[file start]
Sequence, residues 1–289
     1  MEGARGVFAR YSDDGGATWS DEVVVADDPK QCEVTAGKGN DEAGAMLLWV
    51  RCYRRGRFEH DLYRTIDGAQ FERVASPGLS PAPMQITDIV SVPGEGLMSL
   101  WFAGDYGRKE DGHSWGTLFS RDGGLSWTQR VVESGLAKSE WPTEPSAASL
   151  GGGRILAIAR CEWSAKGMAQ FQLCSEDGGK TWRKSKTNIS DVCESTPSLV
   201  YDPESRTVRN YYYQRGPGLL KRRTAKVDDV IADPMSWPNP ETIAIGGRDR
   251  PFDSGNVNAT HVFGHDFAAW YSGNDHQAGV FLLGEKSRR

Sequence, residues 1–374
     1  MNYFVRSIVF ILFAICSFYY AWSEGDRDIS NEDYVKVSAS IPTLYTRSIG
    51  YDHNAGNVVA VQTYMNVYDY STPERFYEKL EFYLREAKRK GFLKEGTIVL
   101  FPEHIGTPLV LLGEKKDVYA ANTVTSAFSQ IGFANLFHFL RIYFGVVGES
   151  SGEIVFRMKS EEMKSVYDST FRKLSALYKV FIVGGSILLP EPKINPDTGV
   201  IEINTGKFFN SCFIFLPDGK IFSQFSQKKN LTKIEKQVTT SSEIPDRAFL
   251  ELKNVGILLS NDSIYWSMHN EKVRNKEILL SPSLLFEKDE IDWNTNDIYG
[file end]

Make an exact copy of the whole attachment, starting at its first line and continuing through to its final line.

Sequence, residues 1–289
     1  MEGARGVFAR YSDDGGATWS DEVVVADDPK QCEVTAGKGN DEAGAMLLWV
    51  RCYRRGRFEH DLYRTIDGAQ FERVASPGLS PAPMQITDIV SVPGEGLMSL
   101  WFAGDYGRKE DGHSWGTLFS RDGGLSWTQR VVESGLAKSE WPTEPSAASL
   151  GGGRILAIAR CEWSAKGMAQ FQLCSEDGGK TWRKSKTNIS DVCESTPSLV
   201  YDPESRTVRN YYYQRGPGLL KRRTAKVDDV IADPMSWPNP ETIAIGGRDR
   251  PFDSGNVNAT HVFGHDFAAW YSGNDHQAGV FLLGEKSRR

Sequence, residues 1–374
     1  MNYFVRSIVF ILFAICSFYY AWSEGDRDIS NEDYVKVSAS IPTLYTRSIG
    51  YDHNAGNVVA VQTYMNVYDY STPERFYEKL EFYLREAKRK GFLKEGTIVL
   101  FPEHIGTPLV LLGEKKDVYA ANTVTSAFSQ IGFANLFHFL RIYFGVVGES
   151  SGEIVFRMKS EEMKSVYDST FRKLSALYKV FIVGGSILLP EPKINPDTGV
   201  IEINTGKFFN SCFIFLPDGK IFSQFSQKKN LTKIEKQVTT SSEIPDRAFL
   251  ELKNVGILLS NDSIYWSMHN EKVRNKEILL SPSLLFEKDE IDWNTNDIYG